Are the Oscars Broken?

I have to ask myself: if I were caught up in the bubble and swirl of the Oscars Campaign in Hollywood, would I actually find it rather thrilling? Or would I want to gag even more?
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It's exceedingly strange how a person like me, who literally lives for movies, can recoil at the most visible, storied event intended to celebrate the very best of them.

I have to ask myself: if I were caught up in the bubble and swirl of the Oscars Campaign in Hollywood, would I actually find it rather thrilling? Or would I want to gag even more?

To be fair, I'm personally averse to hype and dislike watching or attending awards shows in general. Much like police work, it's 90% boredom, 10% excitement- an unacceptable ratio for me.

Still to my jaundiced eye, The Academy Awards telecast has become increasingly bloated in recent years- like a rich, fat uncle, sluggish and a trifle smug. As to design and presentation, I see ever more glitz, ever less glamour. (Audrey Hepburn, we need you!)

Yet beyond my view of the telecast itself, it was Mark Harris's incisive Oscars article in the February 15th issue of New York magazine ("Seducing Oscar") that helped crystallize my feelings on the subject.

First, Harris aptly quoted Evelyn Waugh's own past description of the institution as the film industry's "continuous psalm of self-praise", proving of course that the inward-looking, self-congratulatory flavor of the Oscars is nothing new.

Of course, to a degree this quality is inherent to any industry awards show. However, in the case of the Oscars, what makes this essential truth more off-putting is the sheer commercial garishness of the proceedings.

For instance, the recent story about Sarah Palin and her entourage raiding a pre-Oscars hospitality suite and running off with thousands of dollars worth of free give-aways reflected as badly on the Awards as it did on the madcap Ms. Palin.

Certainly some strategic sponsorships and product placement are to be expected, but when it translates to thousands of dollars' worth of free swag, for people who could otherwise easily afford these items, it becomes undeniably excessive, particularly during a recession.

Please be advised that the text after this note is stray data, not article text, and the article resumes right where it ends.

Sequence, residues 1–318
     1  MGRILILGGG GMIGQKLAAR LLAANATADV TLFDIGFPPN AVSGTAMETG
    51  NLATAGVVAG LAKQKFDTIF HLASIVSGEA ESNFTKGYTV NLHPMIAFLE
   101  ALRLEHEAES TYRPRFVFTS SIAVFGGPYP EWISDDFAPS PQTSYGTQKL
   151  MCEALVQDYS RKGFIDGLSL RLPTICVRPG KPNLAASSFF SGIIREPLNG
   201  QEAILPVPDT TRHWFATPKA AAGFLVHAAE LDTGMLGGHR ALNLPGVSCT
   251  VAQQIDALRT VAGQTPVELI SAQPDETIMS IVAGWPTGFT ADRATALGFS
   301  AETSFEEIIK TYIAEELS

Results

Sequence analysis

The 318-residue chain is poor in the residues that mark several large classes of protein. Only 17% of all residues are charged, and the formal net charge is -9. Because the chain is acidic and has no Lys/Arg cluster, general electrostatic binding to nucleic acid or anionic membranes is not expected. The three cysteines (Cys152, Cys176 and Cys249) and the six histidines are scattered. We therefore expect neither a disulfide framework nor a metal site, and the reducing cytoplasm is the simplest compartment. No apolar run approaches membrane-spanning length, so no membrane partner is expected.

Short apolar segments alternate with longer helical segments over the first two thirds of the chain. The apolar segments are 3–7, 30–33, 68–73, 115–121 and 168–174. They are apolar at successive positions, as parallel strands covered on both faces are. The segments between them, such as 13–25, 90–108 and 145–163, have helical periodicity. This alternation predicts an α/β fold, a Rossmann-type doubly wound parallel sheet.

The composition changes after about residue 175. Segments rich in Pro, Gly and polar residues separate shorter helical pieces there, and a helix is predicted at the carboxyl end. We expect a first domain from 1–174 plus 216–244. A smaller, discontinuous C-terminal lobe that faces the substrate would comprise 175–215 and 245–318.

Then, as Harris portrays in minute detail, there is the astonishing amount of resources, time, and effort which the studios now apply to sway Academy voters to their respective causes. It seems the rampant lobbying we complain about so vocally in Washington also happens in Hollywood, only there they don't even try to hide it.

For months leading up to the Academy Awards, there's a carefully orchestrated series of events, press conferences, and then, of course, all those other smaller awards shows, all of which serve as primaries in the campaign leading up to the Oscar night.

Throughout this intensive, almost continual process, studios with pictures in Oscar contention employ an army of PR types whose existence is focused entirely on advancing the cause of a single film and its creators.

What's objectionable about this?

In an environment with so much static, it must be harder for Academy voters to let the films speak for themselves, which is precisely what should happen. Undoubtedly many members get wooed away from their first, best instincts by seasoned communications strategists adept at spinning just why their film truly deserves the award.

Knowing this, when we hear the winners announced, whom do we congratulate? The film-makers who conceived the work, or the studio flacks who sold it to the Academy constituents?

Going further, was the movie that draws the top prize indeed the best picture of the year, or just the most shrewdly promoted? Did it win for lasting creative merit, or sheer popularity, as evidenced by box office? Were there other industry-related factors involved as well?

We the public never really learn the precise calculus. Perhaps that's part of the whole fascination.

Still, via this murky route, justice is not always done.

Speaking subjectively, I have only agreed with two of the past ten winners for Best Picture: American Beauty (1999) and No Country For Old Men (2007).

Below are listed the actual winners from the other years, along with the film I'd argue was more deserving in terms of enduring impact and quality, which I still take the phrase "Best Picture" to mean:

2000: Winner- Gladiator My pick- Traffic

2001: Winner- A Beautiful Mind My pick- In The Bedroom

2002: Winner- Chicago My pick- The Pianist

2003: Winner- LOTR: The Return Of The King My pick- "In America" (not even nominated!)

2004: Winner- Million Dollar Baby My pick- Sideways

2005: Winner- Crash My pick- Brokeback Mountain

2006: Winner- The Departed My pick- Little Miss Sunshine

2008: Winner- Slumdog Millionaire My pick- Milk.

With all this said, the Academy Awards is still the biggest and best Awards show we've got, and eighty-plus years after its relatively humble beginnings, it still exerts a disproportionate amount of buzz and fascination, both inside and outside the movie business.

So, are the Oscars indeed broken? I guess we'll all have to tune in Sunday night to find out...

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